Craven District Council is still paying business rates and insurance on its former offices - despite moving out more than a year ago.
The council, which moved from Granville Street to Belle Vue Mills, Broughton Road, in September last year, has also been paying £200 a week since the middle of September this year for a security firm to protect the semi-derelict site against vandals.
In February, the council gave planning permission for housebuilder Lovell to demolish the Granville Street offices and redevelop the site with 57 houses, apartments and flats.
The council is believed to have agreed to the sale of the site for around £1.1 million, but will not receive any money until the signing of legal agreements, which is also holding up the start of work.
In the meantime, the council, as legal owner of the site, remains responsible for business rates, of around £23,000 per year, insurance, and the cost of security.
Meanwhile, Lovells said this week that it was in the process of finalising design details of the scheme and hoped to start work in the new year.
A spokesman said: “Plans for the new residential development in Granville Street are progressing well and we are currently in the process of finalising the design.
“The Lovell project team expect to be on site and starting demolition work in the New Year.”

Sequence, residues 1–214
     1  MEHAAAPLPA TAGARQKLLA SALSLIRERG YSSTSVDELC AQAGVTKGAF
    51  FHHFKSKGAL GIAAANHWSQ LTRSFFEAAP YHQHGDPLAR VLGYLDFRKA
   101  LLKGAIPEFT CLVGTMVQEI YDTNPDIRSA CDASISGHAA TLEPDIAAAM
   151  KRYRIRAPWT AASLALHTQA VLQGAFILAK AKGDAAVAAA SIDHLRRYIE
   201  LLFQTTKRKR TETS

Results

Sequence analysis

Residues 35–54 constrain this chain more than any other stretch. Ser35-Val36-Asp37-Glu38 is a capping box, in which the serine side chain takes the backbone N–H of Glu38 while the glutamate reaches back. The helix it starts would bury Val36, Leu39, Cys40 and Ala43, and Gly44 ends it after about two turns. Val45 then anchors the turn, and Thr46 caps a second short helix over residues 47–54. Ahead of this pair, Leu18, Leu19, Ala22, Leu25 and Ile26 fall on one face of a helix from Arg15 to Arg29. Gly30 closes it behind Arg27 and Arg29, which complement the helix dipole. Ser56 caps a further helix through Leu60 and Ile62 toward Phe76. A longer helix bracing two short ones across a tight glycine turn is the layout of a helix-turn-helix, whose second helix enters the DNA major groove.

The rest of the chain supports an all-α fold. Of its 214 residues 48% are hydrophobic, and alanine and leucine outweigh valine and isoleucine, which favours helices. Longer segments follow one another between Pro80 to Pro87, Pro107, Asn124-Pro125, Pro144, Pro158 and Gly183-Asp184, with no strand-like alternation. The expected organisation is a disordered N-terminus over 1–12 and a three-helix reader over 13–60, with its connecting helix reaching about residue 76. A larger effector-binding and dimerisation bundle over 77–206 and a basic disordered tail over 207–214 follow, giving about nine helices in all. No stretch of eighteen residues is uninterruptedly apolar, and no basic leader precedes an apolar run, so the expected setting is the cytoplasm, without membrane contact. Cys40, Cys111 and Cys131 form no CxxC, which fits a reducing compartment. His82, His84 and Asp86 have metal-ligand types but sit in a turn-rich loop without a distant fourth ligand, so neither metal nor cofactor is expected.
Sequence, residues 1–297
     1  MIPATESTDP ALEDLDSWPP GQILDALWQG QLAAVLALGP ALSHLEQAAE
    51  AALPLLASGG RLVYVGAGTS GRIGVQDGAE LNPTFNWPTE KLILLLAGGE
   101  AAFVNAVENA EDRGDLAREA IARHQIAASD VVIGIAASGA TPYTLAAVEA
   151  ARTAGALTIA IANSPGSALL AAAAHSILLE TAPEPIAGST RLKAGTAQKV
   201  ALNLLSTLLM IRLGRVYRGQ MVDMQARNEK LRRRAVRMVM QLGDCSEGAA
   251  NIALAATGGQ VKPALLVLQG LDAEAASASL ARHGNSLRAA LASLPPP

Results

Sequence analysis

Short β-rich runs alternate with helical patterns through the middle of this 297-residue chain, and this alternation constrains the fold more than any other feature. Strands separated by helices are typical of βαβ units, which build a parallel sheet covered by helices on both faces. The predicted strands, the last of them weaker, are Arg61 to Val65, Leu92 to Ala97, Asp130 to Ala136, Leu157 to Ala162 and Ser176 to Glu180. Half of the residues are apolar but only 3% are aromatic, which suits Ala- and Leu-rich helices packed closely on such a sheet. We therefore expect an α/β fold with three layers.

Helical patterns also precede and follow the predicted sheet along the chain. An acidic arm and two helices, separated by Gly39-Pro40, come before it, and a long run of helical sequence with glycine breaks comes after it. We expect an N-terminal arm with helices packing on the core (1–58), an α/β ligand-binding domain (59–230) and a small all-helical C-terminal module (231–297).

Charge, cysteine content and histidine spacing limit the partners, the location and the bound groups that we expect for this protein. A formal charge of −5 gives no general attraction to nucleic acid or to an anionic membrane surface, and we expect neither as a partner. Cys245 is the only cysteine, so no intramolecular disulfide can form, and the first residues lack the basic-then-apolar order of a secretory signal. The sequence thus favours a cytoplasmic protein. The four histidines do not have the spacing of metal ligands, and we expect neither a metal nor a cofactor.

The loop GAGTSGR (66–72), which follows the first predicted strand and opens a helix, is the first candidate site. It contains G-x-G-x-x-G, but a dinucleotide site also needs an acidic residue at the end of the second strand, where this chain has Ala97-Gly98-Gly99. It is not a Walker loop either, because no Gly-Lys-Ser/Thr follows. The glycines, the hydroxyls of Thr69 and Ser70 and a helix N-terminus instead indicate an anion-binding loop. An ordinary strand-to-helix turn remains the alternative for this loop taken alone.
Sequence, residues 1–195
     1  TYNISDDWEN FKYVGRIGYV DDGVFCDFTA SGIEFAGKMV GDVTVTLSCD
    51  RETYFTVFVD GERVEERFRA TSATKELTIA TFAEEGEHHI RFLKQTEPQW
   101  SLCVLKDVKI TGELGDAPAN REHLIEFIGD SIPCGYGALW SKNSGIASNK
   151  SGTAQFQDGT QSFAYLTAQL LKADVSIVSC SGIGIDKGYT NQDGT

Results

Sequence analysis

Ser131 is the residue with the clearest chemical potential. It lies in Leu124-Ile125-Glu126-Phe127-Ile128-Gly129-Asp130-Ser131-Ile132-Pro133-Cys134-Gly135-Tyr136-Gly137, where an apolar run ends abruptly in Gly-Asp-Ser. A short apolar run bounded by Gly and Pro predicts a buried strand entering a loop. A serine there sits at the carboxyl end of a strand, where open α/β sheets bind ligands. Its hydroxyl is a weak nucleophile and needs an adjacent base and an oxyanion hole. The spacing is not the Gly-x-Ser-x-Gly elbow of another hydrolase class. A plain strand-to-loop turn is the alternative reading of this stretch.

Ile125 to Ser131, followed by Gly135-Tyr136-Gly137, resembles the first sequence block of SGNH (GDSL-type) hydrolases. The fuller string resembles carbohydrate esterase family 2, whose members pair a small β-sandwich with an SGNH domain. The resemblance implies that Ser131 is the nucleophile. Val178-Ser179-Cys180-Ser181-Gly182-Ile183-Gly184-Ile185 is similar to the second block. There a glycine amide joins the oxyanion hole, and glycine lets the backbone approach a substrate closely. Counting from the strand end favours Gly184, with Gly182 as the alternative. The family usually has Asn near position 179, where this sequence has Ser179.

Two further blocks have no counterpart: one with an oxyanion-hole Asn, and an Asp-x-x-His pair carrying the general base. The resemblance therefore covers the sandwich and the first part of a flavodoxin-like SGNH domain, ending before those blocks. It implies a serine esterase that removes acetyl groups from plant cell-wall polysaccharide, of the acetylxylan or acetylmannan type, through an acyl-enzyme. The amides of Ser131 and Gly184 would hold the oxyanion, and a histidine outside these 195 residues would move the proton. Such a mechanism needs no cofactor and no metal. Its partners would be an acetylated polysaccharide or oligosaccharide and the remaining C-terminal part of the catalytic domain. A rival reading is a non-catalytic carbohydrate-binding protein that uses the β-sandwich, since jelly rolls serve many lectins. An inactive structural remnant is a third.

Craven District Council confirmed that the sale of the site was not complete and added that no work would start until the sale had been completed.
A spokeswoman said the cost of continued responsibility of the site would be “offset” by the eventual sale of the former offices.
“The council and Lovell are working together to finalise the conditions of the legal agreement and although Lovell are hoping to be on site in the new year, no work will start until the sale has been finalised,” she said.
“In the meantime the business rates responsibility remains with the council as current site owner. The cost of this will be offset by the sale of the site to Lovell. The current security guarding arrangements have been put in place following a series of break-ins to the building at a cost of approximately £200 per week.”